virtualenv is a tool to create isolated Python environments.
Such virtual environments are very helpful to make sure that each of your Python applications runs in a healthy environment. It allows your applications to use different - even conflicting - versions of Python modules, say, app A requires YourModule v1.0 whereas app B requires YourModule 3.1. In addition, virtual environments make sure that updating Python modules in one place/for one application does not break other applications.
The full documentation is available at http://pypi.python.org/pypi/virtualenv, from which parts of this text has been taken/modified.
These instructions might vary depending on your operating system. The next lines are the instructions for Ubuntu.
pip (actually, pip should be installed automatically as a dependency of recent virtualenv
Creating a Python sandbox
Create a virtual environment
If you build with the optional
--no-site-packages switch, your virtual environment will not inherit any packages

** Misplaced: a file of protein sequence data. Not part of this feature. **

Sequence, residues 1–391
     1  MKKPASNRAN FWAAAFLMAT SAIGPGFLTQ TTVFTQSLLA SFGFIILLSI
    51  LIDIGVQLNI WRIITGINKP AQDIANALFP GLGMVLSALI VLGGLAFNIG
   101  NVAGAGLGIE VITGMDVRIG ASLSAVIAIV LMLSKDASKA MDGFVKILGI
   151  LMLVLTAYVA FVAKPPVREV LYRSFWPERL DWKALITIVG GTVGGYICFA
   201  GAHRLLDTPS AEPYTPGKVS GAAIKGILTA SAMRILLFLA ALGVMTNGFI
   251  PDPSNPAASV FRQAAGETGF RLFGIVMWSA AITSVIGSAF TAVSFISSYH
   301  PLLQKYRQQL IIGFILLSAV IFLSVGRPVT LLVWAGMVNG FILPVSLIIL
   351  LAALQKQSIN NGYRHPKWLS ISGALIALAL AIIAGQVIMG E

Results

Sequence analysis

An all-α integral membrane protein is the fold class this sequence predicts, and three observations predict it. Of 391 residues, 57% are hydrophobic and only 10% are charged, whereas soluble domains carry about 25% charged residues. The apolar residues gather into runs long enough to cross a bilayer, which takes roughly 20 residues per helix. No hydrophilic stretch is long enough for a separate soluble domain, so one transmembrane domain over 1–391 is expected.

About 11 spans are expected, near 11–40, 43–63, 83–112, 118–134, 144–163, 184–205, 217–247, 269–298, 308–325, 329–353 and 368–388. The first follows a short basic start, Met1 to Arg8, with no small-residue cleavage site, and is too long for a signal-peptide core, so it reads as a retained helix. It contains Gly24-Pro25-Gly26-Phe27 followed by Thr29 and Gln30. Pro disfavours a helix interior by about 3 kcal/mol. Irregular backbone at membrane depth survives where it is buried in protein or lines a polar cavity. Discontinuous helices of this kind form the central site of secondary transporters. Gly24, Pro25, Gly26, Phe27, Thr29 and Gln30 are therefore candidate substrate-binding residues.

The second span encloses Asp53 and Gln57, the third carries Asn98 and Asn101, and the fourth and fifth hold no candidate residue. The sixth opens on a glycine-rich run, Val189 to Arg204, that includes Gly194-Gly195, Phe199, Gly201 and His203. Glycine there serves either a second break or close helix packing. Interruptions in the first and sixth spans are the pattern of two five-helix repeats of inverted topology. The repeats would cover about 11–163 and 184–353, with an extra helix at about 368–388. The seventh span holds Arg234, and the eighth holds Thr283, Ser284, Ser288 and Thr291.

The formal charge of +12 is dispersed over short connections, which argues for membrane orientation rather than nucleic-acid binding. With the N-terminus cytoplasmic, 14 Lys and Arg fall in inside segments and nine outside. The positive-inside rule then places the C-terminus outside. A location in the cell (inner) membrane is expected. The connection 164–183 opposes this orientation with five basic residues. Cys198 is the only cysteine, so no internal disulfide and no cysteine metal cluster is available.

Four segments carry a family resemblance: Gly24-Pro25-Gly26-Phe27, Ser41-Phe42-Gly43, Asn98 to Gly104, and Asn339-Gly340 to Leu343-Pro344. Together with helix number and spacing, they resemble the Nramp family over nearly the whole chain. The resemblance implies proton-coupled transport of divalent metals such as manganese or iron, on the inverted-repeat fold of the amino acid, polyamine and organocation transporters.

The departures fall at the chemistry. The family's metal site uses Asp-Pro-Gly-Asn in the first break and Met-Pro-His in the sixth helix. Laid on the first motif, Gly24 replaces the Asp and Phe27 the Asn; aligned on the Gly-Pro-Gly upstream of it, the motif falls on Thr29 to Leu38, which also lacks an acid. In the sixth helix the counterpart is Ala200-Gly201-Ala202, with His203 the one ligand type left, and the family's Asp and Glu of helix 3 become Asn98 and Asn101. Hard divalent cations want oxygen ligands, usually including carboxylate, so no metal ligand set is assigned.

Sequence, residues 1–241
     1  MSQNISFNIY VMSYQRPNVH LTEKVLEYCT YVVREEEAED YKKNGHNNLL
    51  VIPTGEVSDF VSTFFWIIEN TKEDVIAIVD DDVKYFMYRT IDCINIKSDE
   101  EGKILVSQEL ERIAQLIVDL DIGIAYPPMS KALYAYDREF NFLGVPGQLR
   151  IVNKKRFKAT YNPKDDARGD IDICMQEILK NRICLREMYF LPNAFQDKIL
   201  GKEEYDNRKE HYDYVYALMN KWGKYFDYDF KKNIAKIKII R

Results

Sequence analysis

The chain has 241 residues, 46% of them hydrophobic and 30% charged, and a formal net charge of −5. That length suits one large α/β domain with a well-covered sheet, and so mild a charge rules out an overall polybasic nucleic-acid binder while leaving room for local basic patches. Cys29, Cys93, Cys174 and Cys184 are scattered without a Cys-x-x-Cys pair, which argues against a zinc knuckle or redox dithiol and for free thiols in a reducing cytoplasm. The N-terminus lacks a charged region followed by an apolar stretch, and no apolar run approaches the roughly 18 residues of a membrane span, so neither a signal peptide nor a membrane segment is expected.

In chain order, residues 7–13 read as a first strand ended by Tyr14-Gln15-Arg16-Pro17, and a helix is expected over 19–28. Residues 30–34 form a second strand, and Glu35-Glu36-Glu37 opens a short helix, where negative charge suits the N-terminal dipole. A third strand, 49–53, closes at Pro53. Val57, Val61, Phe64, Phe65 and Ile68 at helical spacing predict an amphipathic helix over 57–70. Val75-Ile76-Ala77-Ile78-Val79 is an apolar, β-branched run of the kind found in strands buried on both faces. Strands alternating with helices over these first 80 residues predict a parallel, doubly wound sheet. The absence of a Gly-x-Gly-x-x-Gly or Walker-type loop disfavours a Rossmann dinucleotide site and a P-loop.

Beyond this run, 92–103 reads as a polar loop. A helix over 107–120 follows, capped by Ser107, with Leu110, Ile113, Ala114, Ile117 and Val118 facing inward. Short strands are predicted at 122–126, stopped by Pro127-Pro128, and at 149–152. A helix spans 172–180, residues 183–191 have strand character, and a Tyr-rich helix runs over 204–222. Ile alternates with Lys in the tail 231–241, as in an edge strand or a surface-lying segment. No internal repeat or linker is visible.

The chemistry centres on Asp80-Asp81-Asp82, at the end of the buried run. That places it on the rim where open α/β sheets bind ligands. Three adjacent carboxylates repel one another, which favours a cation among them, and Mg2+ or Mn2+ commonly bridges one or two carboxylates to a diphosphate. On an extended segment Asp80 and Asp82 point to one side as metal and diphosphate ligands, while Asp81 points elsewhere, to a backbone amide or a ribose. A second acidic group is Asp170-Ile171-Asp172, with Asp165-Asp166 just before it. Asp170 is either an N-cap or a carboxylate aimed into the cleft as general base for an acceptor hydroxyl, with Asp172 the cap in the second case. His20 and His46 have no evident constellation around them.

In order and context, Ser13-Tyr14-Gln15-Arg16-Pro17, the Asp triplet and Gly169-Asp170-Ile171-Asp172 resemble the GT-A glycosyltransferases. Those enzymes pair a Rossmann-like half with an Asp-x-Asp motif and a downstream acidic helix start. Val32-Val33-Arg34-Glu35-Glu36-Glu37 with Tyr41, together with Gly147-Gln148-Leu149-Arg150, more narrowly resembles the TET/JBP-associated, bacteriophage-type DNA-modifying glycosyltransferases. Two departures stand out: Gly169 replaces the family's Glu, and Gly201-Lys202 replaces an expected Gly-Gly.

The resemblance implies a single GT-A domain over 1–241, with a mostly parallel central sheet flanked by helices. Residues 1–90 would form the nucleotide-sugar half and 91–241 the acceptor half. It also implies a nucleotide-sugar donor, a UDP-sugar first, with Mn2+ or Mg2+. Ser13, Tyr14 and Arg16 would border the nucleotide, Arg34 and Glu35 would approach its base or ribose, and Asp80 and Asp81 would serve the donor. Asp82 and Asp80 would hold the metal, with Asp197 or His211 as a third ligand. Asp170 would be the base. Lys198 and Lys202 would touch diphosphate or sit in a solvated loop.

from your “global” site-packages directory. This can be used if you don’t have control over site-packages and don’t
want to depend on the packages there, or you just want more isolation from the global system.
Activate the virtual environment
This will change your
$PATH to point to the virtualenv
bin/ directory, and update your prompt. This is all
it does. If you use the complete path like
/path/to/yourenv/bin/python myscript.py, you do not need to activate
the environment first. You must use
source because it changes the environment in-place.
Adding custom Python modules to the virtual environment
If you have activated the virtual environment, running
pip within your environment will install
YourFancyModule only to this virtual environment. After all, this was the purpose of using
virtualenv in the first place, right?
Deactivate the virtual environment
After activating an environment you can use the function
deactivate to undo the changes.